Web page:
It’s not only the names of Major championship winners and Ryder Cup heroes which have been inscribed on the magnificent silverware that is presented each year to the winner of the SMBC Singapore Open.
Since its inauguration in 1961, US Masters winners Adam Scott, Angel Cabrera and Sergio Garcia, along with Ryder Cup heavyweights Ian Poulter and Matt Kuchar, are among the global stars who have savoured success in Singapore’s national Open, one of the most enduring and popular events on the Asian Tour calendar, writes Asian Tour contributing editor Spencer Robinson.
Sharing a place alongside them on the Singapore Open roll of honour are an awesome threesome of Asian golfing legends who will be teeing-it-up at Sentosa Golf Club this weeek in the season-ending event on the 2020-21 Asian Tour schedule.
For all the successes they achieved in marvellous careers, the legendary quartet of Myanmar’s Zaw Moe, Indians Jyoti Randhawa and Jeev Milkha Singh rank victory in the Singapore Open among their proudest moments.
Now into their fourth decade of competing professionally, the appearance of the trio at Sentosa in 2022 will inevitably spark bouts of nostalgia, especially for Singh whose triumph in 2008 was secured on the award-winning Serapong Course that they will once more grace this week.
Singh’s dramatic one-stroke success remains among his most revered, repelling the challenges of another legendary quartet, Major champions – Padraig Harrington, Ernie Els, Phil Mickelson and Rory McIlroy – in a nail-biting denouement.
“The depth of the field that week was amazing with four guys in the top-10 in the world ranking playing. That win gave me a lot of confidence,” said Singh, in the wake of his sixth Asian Tour victory, worth US$792,500, raising his season’s tally to US$1.4 million.
Not only did Singh become the first player to surpass US$1 million in earnings in a single season on the Asian Tour, but also he went on to win a second Asian Tour Order of Merit title in three years. The following year he rose to a high of 28th in the Official World Golf Ranking.
Starting the final round at Sentosa in 2008 five strokes off the pace, Singh charged up the leaderboard with an outward 33 and birdied the 11th hole to take control of the tournament. Bogeys on 13 and 16 set up a tense finish but his rivals failed to take advantage of his late blemishes.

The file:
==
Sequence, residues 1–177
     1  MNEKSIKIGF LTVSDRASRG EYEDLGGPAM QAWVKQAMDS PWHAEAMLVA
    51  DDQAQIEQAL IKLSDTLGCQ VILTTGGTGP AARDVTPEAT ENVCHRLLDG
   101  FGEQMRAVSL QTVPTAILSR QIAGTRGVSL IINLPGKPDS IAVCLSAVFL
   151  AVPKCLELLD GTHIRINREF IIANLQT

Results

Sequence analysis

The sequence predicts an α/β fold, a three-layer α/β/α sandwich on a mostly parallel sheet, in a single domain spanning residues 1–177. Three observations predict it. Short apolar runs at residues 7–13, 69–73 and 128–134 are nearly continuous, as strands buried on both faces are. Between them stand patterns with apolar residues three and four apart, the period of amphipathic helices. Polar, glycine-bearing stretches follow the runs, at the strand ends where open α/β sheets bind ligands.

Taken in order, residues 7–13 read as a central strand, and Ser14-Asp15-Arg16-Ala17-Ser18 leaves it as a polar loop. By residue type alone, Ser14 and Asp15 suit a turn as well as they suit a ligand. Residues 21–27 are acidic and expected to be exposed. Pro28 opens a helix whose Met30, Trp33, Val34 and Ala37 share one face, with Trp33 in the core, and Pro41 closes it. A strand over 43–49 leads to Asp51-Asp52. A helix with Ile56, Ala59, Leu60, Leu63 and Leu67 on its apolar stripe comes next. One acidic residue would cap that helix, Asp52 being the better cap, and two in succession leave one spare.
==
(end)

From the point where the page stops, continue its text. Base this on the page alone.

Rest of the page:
Els and Harrington tipped their hats to Singh.
“It could have been a win for me. But Jeev is a great guy and I’m happy for him,” said South African Els.
Irishman Harrington, who won both the Open Championship and PGA Championship that year, echoed those sentiments. “I’m delighted for Jeev,” he said.
For Randhawa and Zaw, the venues for their triumphs were the Singapore Island Country Club (SICC) and Jurong Country Club (JCC) respectively.
Over the SICC’s Island Course in 2000, the then 28-year-old Randhawa posted a four-day total of 20-under, three clear of second-placed South African Hendrik Buhrmann.
“I’d won three times previously on Tour but all of them were in India. So, it was good to finally win outside my country. My fellow players were telling me that I had to get the monkey off my back. I’m glad all doubts were finally put aside,” said Randhawa.
“Patience was the key,” added the Indian, who recovered brilliantly from an indifferent opening 72 with rounds of 64, 65 and a closing 67.
Zaw enjoyed a similar margin of victory in his 1997 success at the now-defunct JCC.
“Since 1995 I had been playing well but I couldn’t win, so when I arrived at the Singapore Open that year I felt I was due,” said Zaw, a long-time Singapore resident.
Four strokes clear at the top after three accomplished rounds in the 60s, Zaw signed off with a maturely-compiled 72, leaving him three ahead of American Fran Quinn, the runner-up.
A quarter of a century later, Zaw is still going strong. So, too, are Singh and Randhawa.
It’s testament to their skill and longevity that these three former Singapore Open champions are plotting to play their part in the latest chapter in the history of this storied event that is about to be penned.